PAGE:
Brightcove CEO & Flash Co-Creator: This Is Apple’s iTV

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It’s December, a traditionally slow news month, and it seems this December is even slower than most, because even organizations as solidly grounded in reality as All Things D are now posting elaborate wishful thinking exercises about what the much rumored Apple HDTV will actually be. This one, however, is more interesting and plausible than some… at least in a few key regards.

Jeremy Allaire, the founder of Brightcove and creator of Flash, has written an intriguing piece on the Apple HDTV, which he believes will be sold in two SKUs: one as an impressive, integrated and upgradeable monitor, the other as a $149 set-top box.

I’m usually very skeptical of claims that Apple will take a set-top box approach to the Apple HDTV, which I explain in detail here. However, Allaire makes an excellent point that a powerful set-top box might be necessary in order to get momentum going:

A new companion device for TV that starts at $149, attaches to nearly any existing TV, and does not require customers to buy an expensive new monitor. This is crucial for quickly establishing and maintaining platform dominance quickly and even stand-alone could be a $5-10 billion opportunity.

The secret sauce, according to Allaire, is the existing iOS app ecosystem:

Crucially, the new Apple TV will extend nearly every existing iOS app into being a TV app that brings the power and richness of large display surfaces to consumer computing — a task that nearly every industry titan has attempted and failed. The combination of touch and TV will ignite a new era in dual-screen software application design and development in which it will become hard to believe that Internet software was once based solely on PCs, phones and tablets.

One of the claims that Allaire makes I find most convincing is that the Apple TV won’t have any bizarre or elaborate control methods. No voice control, no motion control. Instead, the iTV would leverage every existing iPad and iPhone out there as a remote control.

Here’s where Allaire’s argument becomes problematic, though:

With the iPhone, Apple created a simple “phone” application on top of existing telephony carrier infrastructure, improving the consumer’s user experience and creating an additional product sales opportunity for carriers. The company will take a similar approach to existing broadcast cable TV, and in so doing, put one or two major U.S. cable operators in the same privileged position that AT&T enjoyed following the iPhone launch. Around the world, cable TV distributors will battle for national sales and marketing rights for the Apple TV.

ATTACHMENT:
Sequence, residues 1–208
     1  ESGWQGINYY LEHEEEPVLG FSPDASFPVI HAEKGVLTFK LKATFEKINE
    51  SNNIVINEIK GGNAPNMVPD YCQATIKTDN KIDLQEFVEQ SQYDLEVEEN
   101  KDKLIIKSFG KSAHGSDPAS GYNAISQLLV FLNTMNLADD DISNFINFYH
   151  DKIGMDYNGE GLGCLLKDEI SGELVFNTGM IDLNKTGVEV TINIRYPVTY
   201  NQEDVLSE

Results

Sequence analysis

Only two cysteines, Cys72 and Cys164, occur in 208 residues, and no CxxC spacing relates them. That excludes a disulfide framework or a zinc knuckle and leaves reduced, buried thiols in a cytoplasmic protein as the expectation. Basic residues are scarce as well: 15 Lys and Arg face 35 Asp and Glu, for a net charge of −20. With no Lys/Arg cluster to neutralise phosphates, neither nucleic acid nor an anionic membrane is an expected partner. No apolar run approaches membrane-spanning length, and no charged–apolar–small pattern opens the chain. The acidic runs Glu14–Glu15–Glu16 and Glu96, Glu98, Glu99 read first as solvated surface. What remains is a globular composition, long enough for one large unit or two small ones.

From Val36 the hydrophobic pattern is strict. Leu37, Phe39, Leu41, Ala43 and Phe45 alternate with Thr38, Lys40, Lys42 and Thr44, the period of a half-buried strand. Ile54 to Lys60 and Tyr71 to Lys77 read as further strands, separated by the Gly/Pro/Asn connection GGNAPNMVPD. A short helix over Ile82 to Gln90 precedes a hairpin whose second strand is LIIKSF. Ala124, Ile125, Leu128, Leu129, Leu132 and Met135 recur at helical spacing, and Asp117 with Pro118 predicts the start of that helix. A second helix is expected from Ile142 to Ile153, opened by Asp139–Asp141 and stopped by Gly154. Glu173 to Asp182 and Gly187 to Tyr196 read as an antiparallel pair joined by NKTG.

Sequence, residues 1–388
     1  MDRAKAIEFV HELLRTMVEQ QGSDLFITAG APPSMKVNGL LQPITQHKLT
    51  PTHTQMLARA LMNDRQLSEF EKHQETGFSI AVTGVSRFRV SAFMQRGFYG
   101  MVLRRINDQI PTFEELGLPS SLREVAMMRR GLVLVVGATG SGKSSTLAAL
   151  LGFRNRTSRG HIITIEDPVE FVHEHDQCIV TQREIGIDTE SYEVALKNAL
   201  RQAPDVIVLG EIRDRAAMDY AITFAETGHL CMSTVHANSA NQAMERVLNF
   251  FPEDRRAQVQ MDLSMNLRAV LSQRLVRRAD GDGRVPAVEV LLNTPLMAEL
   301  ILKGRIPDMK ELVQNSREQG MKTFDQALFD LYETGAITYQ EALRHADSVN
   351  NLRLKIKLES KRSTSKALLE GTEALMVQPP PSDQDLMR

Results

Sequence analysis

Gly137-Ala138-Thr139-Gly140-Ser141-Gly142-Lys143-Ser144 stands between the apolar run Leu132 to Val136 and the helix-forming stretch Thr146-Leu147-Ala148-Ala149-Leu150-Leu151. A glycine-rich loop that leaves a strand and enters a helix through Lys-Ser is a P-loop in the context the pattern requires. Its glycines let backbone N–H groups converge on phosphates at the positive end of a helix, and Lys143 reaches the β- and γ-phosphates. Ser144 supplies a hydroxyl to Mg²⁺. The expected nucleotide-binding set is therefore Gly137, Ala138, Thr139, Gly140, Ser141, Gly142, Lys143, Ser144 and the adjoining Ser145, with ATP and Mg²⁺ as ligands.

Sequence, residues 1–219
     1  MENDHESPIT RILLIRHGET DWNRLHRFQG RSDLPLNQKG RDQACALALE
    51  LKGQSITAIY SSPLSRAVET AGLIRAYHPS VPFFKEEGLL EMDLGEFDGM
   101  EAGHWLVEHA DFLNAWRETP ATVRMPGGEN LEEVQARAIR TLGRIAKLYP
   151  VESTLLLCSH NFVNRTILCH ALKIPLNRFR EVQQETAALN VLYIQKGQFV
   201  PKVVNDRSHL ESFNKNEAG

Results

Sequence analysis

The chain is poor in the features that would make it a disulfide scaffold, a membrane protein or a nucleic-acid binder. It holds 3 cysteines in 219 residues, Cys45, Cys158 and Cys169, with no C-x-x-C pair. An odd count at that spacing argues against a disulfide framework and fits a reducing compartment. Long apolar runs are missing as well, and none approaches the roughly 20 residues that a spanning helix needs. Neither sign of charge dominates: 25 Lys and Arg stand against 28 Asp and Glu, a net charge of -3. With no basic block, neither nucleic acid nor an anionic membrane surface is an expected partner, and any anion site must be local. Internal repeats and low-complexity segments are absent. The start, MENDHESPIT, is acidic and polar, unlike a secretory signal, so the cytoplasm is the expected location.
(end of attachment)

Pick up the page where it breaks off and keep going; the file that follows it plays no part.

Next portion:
This simply isn’t going to happen. Cable companies have watched what happens when other industries sign all of their power away to Apple, and they show absolutely no signs of following the same path. If Apple could get cable providers to duke it out for exclusive rights to the Apple HDTV, why aren’t cable companies chomping at the bit? Why are they, by all reports, being extremely unreceptive to Apple’s attempts to strike a deal?

Cable companies have no interest in becoming a dumb pipe, which is what signing away their rights for an exclusive deal with Apple would entail. It would be an extremely shortsighted move at this point, and there’s plenty of precdent in the iPhone and iPod to show the cable industry what would happen to them if they struck a deal with Apple’s devil.

The rest of the piece is interesting, and well worth a read. There are also a series of beautiful renderings of what Allaire thinks the Apple HDTV will look like. I’m guessing it’s a slow month at Brightcove too.

What do you think of the Brightcove CEO’s theory? How will Apple make the iTV a reality? Let us know in the comments.

Source: All Things D